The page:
Meng and Booker Urge Trump to Increase Mobile Hotspots During Coronavirus Outbreak to Help Students Complete Schoolwork
Mar 13, 2020
Lawmakers call on President to allocate funding following his issuing of emergency declaration; Digital divide acutely impacts low-income students, students of color
WASHINGTON, D.C. – U.S. Rep. Grace Meng (D-NY) and U.S. Senator Cory Booker (D-NJ) today sent a letter to President Trump urging him to increase the availability of mobile hotspots during the coronavirus outbreak to help students complete their schoolwork.
In their correspondence, Meng and Booker called on the President to set aside at least $1 billion in emergency declaration funds so that schools and libraries can purchase the hotspots. The President issued an emergency declaration this afternoon.
“As the Centers for Disease Control and Prevention (CDC) begins advising schools to plan for possible interruptions, and as many schools shift toward a virtual classroom, we urge you to take action to protect the educational opportunities for the 12 million American students who live in homes without a broadband connection,” the lawmakers wrote in their letter, noting that low-income students, and students of color would be hardest hit.
“Schools in urban and rural areas are racing against the clock to develop and implement plans that allow their students to learn from home because of the novel coronavirus; but for those students who lack broadband access, they will continue to suffer because of the ‘homework gap,’ said Congresswoman Meng. “This must not be the case, and with President Trump issuing an emergency declaration, he must set aside funds for schools and libraries to purchase mobile hotspots. In the House, I’ve introduced the Closing the Homework Gap Through Mobile Hotspots Act (H.R. 5243), which would create a grant program to help schools and libraries set up their own mobile hotspot lending programs. But the coronavirus demands immediate action, and I’m honored to work with Senator Booker in calling on the President to protect the academic success of our students.”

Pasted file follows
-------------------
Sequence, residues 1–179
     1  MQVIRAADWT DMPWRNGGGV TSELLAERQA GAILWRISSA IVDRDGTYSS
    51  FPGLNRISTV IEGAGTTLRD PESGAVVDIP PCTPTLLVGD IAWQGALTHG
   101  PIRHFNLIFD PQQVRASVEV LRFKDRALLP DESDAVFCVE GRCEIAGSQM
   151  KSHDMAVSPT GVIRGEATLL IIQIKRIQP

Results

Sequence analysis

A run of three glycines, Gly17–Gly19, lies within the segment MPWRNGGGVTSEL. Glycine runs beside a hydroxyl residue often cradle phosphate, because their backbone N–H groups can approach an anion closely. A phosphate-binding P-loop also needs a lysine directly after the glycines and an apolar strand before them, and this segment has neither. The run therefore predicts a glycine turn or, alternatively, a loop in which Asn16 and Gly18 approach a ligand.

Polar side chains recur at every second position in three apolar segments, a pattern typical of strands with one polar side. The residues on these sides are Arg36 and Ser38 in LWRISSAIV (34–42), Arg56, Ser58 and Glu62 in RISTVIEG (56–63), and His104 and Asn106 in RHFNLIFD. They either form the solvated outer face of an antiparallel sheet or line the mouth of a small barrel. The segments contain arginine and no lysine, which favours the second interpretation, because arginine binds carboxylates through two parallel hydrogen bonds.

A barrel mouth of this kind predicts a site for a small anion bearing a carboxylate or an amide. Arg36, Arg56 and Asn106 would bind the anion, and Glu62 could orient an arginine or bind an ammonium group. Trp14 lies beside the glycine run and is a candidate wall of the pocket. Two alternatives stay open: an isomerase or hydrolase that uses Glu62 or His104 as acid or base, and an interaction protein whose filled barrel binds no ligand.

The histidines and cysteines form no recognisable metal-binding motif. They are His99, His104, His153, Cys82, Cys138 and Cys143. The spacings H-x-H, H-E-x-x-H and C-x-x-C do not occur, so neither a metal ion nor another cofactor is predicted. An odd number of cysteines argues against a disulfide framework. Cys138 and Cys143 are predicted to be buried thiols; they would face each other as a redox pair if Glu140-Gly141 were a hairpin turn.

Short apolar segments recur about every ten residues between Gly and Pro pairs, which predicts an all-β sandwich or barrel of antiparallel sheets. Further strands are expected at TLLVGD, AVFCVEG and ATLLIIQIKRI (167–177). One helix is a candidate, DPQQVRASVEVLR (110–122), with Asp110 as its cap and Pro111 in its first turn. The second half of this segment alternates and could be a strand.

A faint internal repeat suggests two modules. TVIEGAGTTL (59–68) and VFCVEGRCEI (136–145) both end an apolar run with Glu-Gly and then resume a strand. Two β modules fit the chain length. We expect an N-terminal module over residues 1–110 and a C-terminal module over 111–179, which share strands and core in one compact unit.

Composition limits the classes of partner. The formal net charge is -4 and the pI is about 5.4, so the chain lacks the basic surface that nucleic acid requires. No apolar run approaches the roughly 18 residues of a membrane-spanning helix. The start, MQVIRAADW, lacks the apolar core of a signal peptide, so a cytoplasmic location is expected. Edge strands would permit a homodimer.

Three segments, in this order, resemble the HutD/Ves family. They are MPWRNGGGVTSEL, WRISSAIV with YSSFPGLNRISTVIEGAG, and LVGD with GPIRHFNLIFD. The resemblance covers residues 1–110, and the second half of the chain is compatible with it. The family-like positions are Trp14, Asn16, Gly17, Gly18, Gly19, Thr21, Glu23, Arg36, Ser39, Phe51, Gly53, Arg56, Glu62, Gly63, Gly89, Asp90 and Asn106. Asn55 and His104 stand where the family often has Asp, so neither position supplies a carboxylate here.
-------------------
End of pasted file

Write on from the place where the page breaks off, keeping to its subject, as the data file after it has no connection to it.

The text of Meng and Booker’s letter is below and a copy of the correspondence can be viewed here.
March 13, 2020
The Honorable Donald J. Trump
President of the United States
The White House
1600 Pennsylvania Avenue, NW
Washington, DC 20500
Dear President Trump:
As the Centers for Disease Control and Prevention (CDC) begins advising schools to plan for possible interruptions, and as many schools shift toward a virtual classroom, we urge you to take action to protect the educational opportunities for the 12 million American students who live in homes without a broadband connection.
As schools and school districts are beginning to shift instruction online in an effort to protect their students from the spread of COVID-19, there are approximately 12 million students across the country that fall into “the homework gap,” meaning they do not have access to the technology they need to participate in an online learning environment. In 15 states across the country, the majority of students in rural areas do not have access to broadband. And, the lack of access to broadband is particularly concerning for low-income students and students of color as these groups are less likely to have access to broadband than their counterparts.
Now that you have issued an emergency declaration pursuant to the Stafford Act for states preparing for and responding to the coronavirus disease 2019 (COVID-19) outbreak, we urge you to set aside at least $1 billion of the $42.6 billion available in the Disaster Relief Fund (DRF) for schools and libraries to purchase mobile hotspots, and for the Federal Communications Commission to use its universal service powers, so that all students can continue to learn while we work together to respond to the spread of COVID-19. Given the current circumstances, students without access to broadband risk being left behind, a scenario that could cause irreparable harm to the long-term education of 12 million American children.
Several local school districts across the country have already taken action and provided mobile hotspots to students without broadband access, but not all students live in communities that have the resources to provide for those students. Federal assistance is needed to ensure that the challenges faced by our most vulnerable students are not exacerbated by this crisis. It is critical that your response to the COVID-19 outbreak consider the needs of these students, and we strongly urge you to provide the necessary resources to allow them to continue learning.
The Honorable Betsy Devos, Secretary of Education
The Honorable Ajit Pai, Chairman of the Federal Communications Commission